Eager to learn more about real estate in Johnston County? The Tina Barletta Team is here to help! Our Real Estate Basic Training 2020 is designed to clarify some of the more complex facets of buying or selling a home. Boot Camp is kicking off with Lesson 1: Due Diligence! Are you ready to learn?
What Is Due Diligence Anyway?
First and foremost, what the heck is “due diligence” anyway? In short, it’s a set amount of time, negotiated between the buyer and seller, that gives the buyer the right to investigate the property they are buying.
In other words, due diligence is a block of time in which the buyer has an opportunity to make sure there aren’t any red flags—physically, financially, or legally—about the home they’re buying.
What happens during due diligence?
This “investigation” typically includes a home inspection, as well as various other inspections depending on the type and location of the property. This might include a well or sewer inspection, radon testing, land surveying, pool inspections, and more.
Typically, there are a few other legal investigations happening behind the scenes, too, like a title search, which determines the seller’s legal ownership of the property. Most lenders will also require a home appraisal to ensure that the value of the home meets or exceeds its cost.
What happens if the buyer finds something?
Let’s say something shows up in the home inspection. The foundation’s cracked, the roof is old, there’s an electrical problem… something big. What happens next?
At this point, the buyer has three options. They can ask the seller for a price reduction or credits towards closing costs. They can request that the seller make repairs. Or they can simply walk away from the sale, no questions asked.
What options does the seller have?
Should a buyer request a repair, price reduction, or credit, the seller does have the right to refuse. At this point, the ball is back in the buyer’s court—they can walk away or continue forward with the home as-is.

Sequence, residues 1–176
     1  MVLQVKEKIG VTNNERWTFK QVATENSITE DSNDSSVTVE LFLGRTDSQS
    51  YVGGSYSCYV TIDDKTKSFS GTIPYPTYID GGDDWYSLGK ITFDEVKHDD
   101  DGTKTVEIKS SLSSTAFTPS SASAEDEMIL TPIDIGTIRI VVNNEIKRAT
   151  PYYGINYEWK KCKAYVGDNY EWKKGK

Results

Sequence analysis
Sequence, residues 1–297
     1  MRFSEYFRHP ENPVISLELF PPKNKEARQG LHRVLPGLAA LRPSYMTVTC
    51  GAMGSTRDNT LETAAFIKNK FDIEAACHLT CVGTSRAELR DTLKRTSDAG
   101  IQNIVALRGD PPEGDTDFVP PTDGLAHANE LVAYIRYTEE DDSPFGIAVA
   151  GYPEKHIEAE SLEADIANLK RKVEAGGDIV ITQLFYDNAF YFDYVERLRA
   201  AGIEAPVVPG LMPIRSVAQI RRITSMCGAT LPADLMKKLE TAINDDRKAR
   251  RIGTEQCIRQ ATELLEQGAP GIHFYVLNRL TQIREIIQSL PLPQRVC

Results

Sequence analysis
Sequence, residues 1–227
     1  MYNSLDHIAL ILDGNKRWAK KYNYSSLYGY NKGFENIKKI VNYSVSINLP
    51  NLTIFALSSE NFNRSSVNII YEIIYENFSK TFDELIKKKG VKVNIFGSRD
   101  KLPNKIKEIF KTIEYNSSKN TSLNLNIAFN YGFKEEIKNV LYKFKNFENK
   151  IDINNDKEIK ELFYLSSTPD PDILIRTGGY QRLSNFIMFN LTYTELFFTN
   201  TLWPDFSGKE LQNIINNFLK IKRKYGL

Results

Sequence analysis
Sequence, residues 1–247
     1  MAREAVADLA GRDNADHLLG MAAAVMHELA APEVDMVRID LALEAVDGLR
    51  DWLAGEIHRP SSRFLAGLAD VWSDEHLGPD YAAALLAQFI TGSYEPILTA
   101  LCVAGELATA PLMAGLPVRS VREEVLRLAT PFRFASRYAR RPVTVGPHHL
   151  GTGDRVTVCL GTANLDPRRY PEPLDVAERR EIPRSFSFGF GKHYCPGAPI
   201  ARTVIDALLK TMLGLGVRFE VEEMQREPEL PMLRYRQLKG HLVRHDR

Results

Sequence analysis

Depending on the contingencies determined in the Purchase and Sale Agreement signed by the buyer and seller, the buyer may or may not be returned their earnest money should they choose to walk away from the sale.
How long is the due diligence period?
This is a flexible amount of time determined by the buyer and seller and agreed upon in the Purchase and Sale Agreement. Typically, both parties like to have this completed as soon as possible, with a home inspection often required with a few days of the signing of the Agreement. But it can vary based on individual situations, and can range anywhere from about one to 30 days.
Other elements of due diligence
Depending on the age, location, and type of property being purchased, there may be a few other areas of inspection or research. This might include homeowner’s association fees or rules and regulations. Buyers may also confirm that the property is eligible for homeowner’s insurance. They can also do research on crime rates or even regular noise and traffic.
There’s a lot that goes into investigating a property before purchasing, and it’s important for buyers to do their homework—and for sellers to disclose or fix any known issues well beforehand!
Want to Know More About Due Diligence in JoCo?
Due diligence—and real estate in general—is different from state to state, county to county, and at times, even town to town or neighborhood to neighborhood. If you’d like more information specific to your area, it’s best to ask a real estate agent.
Buying or selling in Johnston County? The Tina Barletta Team is here to answer all your questions—due diligence or otherwise! Contact us today to learn more about how we can help you find the perfect home in just the right location… or list your current home for top dollar.